Thursday, May 13, 2010

With great pleasure the internet home for Angels fans brought to you a live chat with all-time Angel great Tim Salmon at 2 PM PST on May 13th, 2010. 

Tim Salmon is one of the most loved and popular all-time Angels' players in the history of the franchise. This is the first time an Angels' player either former or current has chatted live with the fans on a fan site. As always, strives to bring you insider, exclusive coverage and features of the current team, organization, farm club, player journals and live interaction with Angels personnel or former players.

So without further adieu, here's the chat transcript from today's live chat with Mr. Angel himself, Tim Salmon.

Chuck Richter: Make sure to purchase Tim's new autobiography Always An Angel and get it signed this weekend at the following locations below. All proceeds will benefit the Tim Salmon Foundation.

Saturday, May 15, 2010
12:00 PM
429 S. Associated Rd.
Brea, CA 92821

Sunday, May 16, 2010
12:00 PM
900 S. Harbor Blvd.
Fullerton, CA 92832

Chuck Richter: The chat will begin at 2 PM PST. Tim should be arriving around that time. If you'd like to get your questions queued up, go ahead and post them now. They will not show up until they've been approved and processed by the chat moderator.

Tim Salmon: Hello this is Tim. We'll get started here in a few minutes.

Chuck Richter: First question to Tim...

[Comment From Adam:]
Tim, would you ever consider a return to baseball as a coach? Hitting Coach?

Tim Salmon: Adam, yes I would. It all boils down to my family at this point though. I really enjoy coaching my two boys in youth sports so any coaching at the ML level won't be for a few more years.

[Comment From Ryan:]
Have the Angels approached you about retiring the #15?

Tim Salmon: Ryan, no not yet. I know the clubhouse personnel won't hand out my number to any young players at the moment though. If it happens that would be great. But, I don't think it will be for a few more years.

[Comment From Adam:]
What guys from the late 90's/Early 2000's teams do you stay in contact with?

Tim Salmon: Adam, not as many as you would think. We've all moved on to normal-busy lives. I do stay in touch with Chad Curtis, Orlando Palmiero, Shawn Boskie, Eck, Ersty, and GA.

[Comment From C_HB:]
What is your favorite Angels jersey/logo that you played in?

Tim Salmon: C_HB, I really love the current jersey's. The red really stands out and give the team a different identity than in the past. But, saying that, my first jersey worn in 2002 is a close second. It had a classic look that I remember seeing as a kid.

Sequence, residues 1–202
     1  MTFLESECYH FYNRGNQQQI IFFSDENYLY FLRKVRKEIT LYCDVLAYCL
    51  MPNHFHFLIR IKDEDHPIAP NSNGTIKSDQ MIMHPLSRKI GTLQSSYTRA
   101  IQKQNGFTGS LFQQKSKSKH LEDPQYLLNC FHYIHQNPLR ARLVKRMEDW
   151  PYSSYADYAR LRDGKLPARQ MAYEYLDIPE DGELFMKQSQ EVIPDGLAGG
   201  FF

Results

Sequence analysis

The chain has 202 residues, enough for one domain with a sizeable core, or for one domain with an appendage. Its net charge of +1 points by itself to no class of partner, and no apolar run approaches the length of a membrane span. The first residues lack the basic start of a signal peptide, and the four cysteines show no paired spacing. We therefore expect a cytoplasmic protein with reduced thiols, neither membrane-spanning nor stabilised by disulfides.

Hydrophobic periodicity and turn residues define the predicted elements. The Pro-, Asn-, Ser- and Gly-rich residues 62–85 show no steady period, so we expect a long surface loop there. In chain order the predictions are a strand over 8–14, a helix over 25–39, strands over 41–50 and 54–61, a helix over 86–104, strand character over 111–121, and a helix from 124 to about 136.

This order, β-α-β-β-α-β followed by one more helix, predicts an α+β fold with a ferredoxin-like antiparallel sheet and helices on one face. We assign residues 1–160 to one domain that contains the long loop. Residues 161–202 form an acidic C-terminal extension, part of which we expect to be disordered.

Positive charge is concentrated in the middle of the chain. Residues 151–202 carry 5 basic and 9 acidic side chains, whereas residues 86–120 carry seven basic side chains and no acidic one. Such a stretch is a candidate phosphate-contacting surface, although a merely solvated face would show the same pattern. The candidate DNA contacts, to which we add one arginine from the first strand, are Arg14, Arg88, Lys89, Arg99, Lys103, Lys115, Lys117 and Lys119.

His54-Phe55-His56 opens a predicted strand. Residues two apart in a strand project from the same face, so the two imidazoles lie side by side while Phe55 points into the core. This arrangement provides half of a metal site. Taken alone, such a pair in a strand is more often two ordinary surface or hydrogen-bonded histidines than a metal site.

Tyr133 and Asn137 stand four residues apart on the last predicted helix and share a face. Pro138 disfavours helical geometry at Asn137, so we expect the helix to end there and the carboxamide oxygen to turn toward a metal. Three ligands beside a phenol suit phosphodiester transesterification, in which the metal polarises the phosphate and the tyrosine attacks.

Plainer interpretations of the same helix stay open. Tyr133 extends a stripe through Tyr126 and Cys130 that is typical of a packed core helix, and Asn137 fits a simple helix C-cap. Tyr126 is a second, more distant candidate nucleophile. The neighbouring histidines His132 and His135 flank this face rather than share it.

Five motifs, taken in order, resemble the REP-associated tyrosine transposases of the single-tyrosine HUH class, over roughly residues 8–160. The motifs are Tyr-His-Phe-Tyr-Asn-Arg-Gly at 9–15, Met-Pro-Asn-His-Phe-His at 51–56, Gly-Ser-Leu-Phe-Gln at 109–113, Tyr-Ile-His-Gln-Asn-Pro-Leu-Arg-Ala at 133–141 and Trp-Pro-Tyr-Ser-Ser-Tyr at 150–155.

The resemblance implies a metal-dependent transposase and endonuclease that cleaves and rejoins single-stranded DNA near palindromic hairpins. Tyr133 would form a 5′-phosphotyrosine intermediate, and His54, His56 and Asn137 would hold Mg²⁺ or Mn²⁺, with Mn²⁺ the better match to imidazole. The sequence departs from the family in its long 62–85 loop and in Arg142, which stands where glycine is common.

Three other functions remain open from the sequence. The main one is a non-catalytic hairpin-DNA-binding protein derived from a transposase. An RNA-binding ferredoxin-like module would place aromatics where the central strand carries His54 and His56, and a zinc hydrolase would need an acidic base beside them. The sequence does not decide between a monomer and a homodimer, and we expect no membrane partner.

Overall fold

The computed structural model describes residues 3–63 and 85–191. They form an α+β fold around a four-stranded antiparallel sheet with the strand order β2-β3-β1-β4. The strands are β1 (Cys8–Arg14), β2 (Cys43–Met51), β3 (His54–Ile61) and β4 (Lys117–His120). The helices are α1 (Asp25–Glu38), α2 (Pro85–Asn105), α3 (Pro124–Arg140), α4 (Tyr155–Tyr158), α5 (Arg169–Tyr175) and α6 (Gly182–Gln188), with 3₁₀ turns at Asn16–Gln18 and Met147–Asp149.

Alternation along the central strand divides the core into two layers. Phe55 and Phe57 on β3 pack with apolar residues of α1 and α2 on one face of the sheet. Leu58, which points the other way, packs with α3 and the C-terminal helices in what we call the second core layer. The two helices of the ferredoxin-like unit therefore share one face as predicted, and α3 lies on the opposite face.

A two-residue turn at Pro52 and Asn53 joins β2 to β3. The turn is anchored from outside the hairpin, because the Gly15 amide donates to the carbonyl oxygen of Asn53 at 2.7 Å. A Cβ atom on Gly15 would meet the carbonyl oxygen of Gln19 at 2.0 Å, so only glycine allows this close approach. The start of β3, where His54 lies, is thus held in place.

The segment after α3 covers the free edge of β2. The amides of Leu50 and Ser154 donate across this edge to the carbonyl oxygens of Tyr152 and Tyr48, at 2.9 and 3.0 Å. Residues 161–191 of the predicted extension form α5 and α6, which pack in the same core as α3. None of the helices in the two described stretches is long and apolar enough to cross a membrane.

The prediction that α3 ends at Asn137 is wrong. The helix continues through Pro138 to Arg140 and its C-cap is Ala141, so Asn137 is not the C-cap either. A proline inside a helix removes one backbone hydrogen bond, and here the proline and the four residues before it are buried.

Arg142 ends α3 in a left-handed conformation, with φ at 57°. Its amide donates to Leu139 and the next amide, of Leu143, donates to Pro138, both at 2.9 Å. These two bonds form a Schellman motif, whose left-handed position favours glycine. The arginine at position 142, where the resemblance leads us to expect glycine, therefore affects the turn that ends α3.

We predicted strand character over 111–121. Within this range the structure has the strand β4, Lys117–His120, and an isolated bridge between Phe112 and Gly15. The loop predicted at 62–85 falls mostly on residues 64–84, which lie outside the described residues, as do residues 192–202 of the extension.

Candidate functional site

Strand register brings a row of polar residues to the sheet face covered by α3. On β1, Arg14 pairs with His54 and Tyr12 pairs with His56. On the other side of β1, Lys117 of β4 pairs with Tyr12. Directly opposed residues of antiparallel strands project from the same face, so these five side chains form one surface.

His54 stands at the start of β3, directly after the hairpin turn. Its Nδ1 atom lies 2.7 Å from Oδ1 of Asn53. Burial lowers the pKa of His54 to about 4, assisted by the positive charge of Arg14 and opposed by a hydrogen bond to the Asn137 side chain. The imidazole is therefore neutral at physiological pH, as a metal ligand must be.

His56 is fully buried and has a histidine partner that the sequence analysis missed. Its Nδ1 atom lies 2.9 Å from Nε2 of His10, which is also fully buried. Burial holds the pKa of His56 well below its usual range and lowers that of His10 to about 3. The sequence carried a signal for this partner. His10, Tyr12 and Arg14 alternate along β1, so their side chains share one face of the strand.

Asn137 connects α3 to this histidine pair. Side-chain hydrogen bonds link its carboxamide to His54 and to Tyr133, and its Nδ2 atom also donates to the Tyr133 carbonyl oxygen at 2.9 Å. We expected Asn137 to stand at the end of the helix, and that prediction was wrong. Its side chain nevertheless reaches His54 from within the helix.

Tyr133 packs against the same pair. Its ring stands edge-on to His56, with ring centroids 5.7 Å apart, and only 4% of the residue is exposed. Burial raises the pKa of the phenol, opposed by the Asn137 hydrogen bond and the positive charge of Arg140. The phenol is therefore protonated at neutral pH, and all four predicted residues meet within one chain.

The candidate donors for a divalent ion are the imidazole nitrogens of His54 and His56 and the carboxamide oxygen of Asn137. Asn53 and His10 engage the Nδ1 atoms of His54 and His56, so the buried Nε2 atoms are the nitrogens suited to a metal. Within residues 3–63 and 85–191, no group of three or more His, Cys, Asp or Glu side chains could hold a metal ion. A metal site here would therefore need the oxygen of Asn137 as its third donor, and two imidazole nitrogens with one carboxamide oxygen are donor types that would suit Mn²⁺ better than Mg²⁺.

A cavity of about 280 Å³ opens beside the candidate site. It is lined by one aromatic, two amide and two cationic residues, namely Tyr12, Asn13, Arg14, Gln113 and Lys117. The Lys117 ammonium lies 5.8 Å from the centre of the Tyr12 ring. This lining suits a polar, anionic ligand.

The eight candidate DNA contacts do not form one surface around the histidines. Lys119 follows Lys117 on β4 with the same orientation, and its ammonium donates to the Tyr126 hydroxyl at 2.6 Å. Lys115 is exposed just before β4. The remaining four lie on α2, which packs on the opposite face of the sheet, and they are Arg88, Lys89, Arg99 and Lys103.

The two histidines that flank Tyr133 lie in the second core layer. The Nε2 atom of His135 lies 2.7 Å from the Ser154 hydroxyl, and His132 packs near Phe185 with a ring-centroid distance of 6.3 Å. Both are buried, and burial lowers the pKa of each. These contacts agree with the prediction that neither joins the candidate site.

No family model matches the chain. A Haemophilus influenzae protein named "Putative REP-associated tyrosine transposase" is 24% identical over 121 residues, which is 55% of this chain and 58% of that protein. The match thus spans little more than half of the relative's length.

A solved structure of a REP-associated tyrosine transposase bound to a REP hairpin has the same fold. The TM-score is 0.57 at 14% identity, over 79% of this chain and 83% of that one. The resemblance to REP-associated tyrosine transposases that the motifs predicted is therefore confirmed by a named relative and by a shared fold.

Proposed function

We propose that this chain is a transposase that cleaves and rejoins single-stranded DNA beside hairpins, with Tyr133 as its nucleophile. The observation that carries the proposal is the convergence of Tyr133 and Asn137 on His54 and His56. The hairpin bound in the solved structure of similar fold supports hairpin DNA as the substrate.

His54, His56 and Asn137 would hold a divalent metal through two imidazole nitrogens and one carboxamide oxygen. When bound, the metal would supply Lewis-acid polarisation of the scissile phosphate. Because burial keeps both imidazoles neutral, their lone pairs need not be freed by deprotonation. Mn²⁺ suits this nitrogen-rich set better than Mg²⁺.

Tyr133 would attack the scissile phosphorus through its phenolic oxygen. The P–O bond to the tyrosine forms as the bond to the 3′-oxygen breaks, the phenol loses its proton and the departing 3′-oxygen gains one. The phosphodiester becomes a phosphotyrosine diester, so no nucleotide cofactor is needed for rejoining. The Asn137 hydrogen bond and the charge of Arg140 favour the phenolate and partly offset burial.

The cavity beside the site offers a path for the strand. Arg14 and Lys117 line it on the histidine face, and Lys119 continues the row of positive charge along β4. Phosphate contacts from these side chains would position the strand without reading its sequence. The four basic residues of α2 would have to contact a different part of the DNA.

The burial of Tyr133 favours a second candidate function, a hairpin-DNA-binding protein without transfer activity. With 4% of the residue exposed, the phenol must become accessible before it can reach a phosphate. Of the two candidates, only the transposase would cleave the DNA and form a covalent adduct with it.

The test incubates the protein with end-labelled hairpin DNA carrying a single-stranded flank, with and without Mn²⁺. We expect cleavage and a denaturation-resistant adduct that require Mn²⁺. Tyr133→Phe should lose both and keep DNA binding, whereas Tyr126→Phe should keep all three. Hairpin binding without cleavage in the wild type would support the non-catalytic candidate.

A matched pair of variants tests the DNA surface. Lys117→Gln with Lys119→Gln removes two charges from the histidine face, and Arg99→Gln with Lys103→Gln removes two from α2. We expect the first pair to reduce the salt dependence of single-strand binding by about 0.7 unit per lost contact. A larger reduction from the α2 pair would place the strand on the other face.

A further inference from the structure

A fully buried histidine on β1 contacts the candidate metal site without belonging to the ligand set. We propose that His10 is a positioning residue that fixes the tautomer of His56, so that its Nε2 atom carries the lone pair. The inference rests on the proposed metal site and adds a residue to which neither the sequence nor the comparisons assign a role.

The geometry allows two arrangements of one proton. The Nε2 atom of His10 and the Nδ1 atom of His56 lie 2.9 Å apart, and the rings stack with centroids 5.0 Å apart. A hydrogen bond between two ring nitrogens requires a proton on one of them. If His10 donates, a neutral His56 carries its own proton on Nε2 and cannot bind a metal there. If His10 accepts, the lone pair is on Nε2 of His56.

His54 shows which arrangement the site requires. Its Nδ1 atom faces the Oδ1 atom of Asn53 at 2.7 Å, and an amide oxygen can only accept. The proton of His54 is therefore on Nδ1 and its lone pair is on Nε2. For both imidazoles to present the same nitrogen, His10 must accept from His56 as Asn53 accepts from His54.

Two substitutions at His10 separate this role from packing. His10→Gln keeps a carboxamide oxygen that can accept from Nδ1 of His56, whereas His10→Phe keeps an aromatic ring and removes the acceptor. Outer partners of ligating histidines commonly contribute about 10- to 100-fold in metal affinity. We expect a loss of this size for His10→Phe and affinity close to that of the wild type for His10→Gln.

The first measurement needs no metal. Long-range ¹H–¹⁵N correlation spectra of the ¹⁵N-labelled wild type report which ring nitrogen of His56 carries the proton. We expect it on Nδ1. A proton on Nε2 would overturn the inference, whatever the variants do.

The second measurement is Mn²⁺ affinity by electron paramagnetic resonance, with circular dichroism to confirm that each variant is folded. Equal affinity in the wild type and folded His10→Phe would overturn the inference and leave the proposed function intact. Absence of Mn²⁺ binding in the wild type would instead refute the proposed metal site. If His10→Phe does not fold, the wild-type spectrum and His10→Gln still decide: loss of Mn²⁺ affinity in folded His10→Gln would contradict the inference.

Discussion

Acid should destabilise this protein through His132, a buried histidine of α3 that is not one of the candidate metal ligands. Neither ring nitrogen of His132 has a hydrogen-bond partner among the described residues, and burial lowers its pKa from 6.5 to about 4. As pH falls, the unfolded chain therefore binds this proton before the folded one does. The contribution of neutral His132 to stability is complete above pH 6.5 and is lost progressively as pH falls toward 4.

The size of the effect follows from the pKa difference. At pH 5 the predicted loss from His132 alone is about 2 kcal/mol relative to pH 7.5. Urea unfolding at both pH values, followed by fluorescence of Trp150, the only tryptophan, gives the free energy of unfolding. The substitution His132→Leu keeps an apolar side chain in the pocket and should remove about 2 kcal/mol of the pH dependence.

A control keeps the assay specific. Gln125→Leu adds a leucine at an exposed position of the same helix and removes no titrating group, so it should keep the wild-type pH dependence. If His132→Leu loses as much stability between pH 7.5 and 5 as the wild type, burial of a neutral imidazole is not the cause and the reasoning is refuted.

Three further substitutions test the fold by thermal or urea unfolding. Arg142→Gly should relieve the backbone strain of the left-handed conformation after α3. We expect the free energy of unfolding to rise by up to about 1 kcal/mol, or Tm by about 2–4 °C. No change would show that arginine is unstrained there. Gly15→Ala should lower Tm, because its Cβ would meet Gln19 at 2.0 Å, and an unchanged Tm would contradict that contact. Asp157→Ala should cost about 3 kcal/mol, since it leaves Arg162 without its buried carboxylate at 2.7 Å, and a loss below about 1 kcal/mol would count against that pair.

[Comment From Jeff:]
Tim, thank you for appearing here on Could you tell us who your biggest mentor was on the farm and also up here at the ML level?

Tim Salmon: Jeff, It would have to be Joe Madden for sure. He sat at my table when I signed out of college, held my hand through the minors, and was my biggest encourager in the big leagues. But, there were many others along the way like Gene Richards and Lenny Sakata that really helped me at different times.

[Comment From Tim:]
Outside of anything that happened during the 2002 season because it is too obvious. What is your most memorable moment in the bigs?

Tim Salmon: Tim, probably the night Cal Ripken Jr. broke Lou G. record for consecutive games. That night was truly amazing. Taking part in such an historic night was a huge highlight in my career.

[Comment From Billy:]
Tim, other than Angel Stadium what was your favorite Major League park to play in?

Tim Salmon: Billy, that depends. From a success standpoint it was Texas because the ball flies in the heat. But, purely from a ambiance or ascetic point of view, probably Yankee Stadium or Fenway park. For obvious reasons, they history behind these two parks makes for an exciting style of play.

[Comment From SpiritOf2002:]
What is your favorite memory from your 1993 Rookie of the Year season?

Tim Salmon: Spiritof2002, Wow your really testing my memory. Lets see, my first child was born! Probably experiencing the day to day lifestyle of playing in the major leagues. Every city we went to was new and fresh. Experiencing the different ballparks and comparing it against my pre-conceived ideas I had about them. Taking the field with so many of my childhood heroes was pretty cool.

[Comment From Kaipo Ruiz:]
What has been the driving force behind your success on and off the field?

Tim Salmon: Kaipo, my type A personality. I'm such a perfectionist. But, to me it has always been an integrity and faith issue to always give my best effort in anything I do.